30 August 2020 by Naomi Jankowski - The question I receive the most frequently in clinic is "How does acupuncture work?" This is such a fantastic question with multifaceted answers. The question I like even better is "How is acupuncture going to help me conceive?" When I consider this, there are two parts to the answer which are relatively easy to explain, and which are very important for patients to hear so they understand what we are doing, rather than just going along with a bunch of arbitrary needles.
The first part of this relates more broadly to the question of how acupuncture works. Through my experience in clinic, I have found that so much of acupuncture works on benefiting blood flow and circulation. Acupuncture does not just work by bringing blood flow to the area where the needle is inserted, in fact often the needles selected will direct the blood flow to an entirely different area of the body. For example, I routinely use points on the hands that have a direct affinity to the ovaries and uterus. If a patient comes to see me on a day that they have menstrual cramping, using these points on the hands usually decreases the pain within a few minutes. By facilitating blood flow to the area, the uterus is then able to function more efficiently.
In many cases, menstrual cramping is caused by a small amount of uterine clotting that is stuck. The cramps occur when the uterus has small contractions to try to push the clots out. Unfortunately, the contractions often become inefficient, and then we have the problem which we so often see in clinic, where a woman either has pain or heavy bleeding. Increasing the blood flow to the uterus facilitates more efficient uterine contractions. This in turn will decrease pain, decrease heavy bleeding, and, most importantly, create a good basis of endometrial lining.
How is acupuncture going to help me conceive?
This brings us to the next point, and our next question of "How is acupuncture going to help me conceive?" Patients often tell me they have low AMH, and that their fertility specialist has told them they cannot conceive as a result of poor egg quality. Egg quality is certainly part of the picture, and cannot be overlooked. But let’s consider another perspective. What good is the perfect egg if the quality of the endometrial lining is so poor that implantation cannot occur?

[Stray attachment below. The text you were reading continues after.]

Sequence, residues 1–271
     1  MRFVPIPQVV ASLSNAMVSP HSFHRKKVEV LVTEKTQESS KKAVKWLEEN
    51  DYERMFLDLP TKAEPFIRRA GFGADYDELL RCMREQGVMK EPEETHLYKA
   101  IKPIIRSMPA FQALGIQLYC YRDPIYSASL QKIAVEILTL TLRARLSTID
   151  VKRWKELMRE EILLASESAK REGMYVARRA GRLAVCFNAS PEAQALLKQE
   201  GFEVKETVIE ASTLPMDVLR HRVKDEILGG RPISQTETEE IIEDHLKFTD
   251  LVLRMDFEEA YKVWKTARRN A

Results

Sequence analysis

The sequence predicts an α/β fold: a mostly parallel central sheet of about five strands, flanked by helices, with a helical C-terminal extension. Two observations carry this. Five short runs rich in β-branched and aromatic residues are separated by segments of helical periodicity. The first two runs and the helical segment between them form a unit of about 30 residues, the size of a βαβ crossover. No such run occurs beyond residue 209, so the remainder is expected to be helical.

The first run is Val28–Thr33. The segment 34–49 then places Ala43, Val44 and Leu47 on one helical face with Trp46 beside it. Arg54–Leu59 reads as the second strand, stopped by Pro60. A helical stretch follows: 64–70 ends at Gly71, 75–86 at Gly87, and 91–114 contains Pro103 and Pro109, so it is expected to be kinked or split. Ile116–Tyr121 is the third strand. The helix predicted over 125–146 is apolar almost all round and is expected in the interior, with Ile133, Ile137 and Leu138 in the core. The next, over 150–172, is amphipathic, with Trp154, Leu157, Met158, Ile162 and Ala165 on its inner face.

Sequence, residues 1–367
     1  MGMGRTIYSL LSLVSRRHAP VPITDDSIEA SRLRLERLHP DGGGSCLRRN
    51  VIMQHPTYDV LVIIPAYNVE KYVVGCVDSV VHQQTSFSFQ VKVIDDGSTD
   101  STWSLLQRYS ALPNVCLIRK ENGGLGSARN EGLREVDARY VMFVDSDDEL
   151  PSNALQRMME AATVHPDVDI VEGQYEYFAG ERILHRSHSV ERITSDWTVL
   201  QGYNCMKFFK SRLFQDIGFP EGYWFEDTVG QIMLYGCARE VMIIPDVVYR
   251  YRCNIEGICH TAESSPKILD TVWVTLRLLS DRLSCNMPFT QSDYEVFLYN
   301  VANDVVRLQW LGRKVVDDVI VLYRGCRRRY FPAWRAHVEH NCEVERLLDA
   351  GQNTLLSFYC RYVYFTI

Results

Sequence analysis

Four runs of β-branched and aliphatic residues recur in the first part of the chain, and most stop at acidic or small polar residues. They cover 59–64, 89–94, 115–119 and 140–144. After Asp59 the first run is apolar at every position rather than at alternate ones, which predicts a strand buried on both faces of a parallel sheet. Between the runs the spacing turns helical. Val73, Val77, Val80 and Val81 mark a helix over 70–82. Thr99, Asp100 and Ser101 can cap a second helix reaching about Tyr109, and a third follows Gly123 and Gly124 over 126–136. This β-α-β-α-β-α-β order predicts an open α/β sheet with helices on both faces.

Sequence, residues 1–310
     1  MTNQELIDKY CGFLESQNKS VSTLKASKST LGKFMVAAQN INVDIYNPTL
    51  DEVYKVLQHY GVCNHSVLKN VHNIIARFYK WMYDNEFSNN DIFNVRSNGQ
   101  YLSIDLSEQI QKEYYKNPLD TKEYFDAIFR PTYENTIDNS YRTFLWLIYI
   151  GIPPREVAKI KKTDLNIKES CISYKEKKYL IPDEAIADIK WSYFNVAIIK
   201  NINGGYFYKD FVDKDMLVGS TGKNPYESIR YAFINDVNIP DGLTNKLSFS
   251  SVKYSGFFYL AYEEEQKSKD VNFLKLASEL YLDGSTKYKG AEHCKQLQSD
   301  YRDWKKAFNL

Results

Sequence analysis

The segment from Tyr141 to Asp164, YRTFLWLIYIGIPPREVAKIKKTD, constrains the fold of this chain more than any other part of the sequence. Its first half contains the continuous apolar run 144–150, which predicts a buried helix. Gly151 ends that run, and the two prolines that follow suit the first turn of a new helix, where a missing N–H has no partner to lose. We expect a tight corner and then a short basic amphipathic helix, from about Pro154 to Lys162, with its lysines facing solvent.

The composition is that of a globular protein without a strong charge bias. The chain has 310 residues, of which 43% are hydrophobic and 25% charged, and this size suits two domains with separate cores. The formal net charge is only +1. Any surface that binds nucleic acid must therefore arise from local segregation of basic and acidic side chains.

The analogy of soil works best to illustrate this point. A seed will not be able to form roots in soil that is littered with rocks, debris and clumped up dirt. No matter how much fertiliser you add, if there are enough rocks in the soil, your seed will not grow. These rocks are the clots in the endometrial lining. First and foremost, our job is to help eliminate this clotting. Secondly, we work to add fertiliser to the soil i.e. thicken the endometrial lining. Then, if necessary, we work on egg quality. Often I never need to directly work on step three, because by that time, conception has successfully occurred.
It is important to note here that patients often have their lining measured, and are told that it looks fine. This is a measurement in millimeters that does not take into account quality of lining and possible clotting. Clots will, in a sense, artificially increase the ‘true’ lining of the uterus present on the scan. It is detrimental lining that leads to a false reading in millimeters.
So to summarise and answer these clinically relevant questions, the benefit of traditional Chinese gynaecology is that it takes into account the quality of the endometrial lining. Acupuncture can facilitate blood flow to the uterus, to improve the quality of this lining which increases the ability of an embryo to implant.
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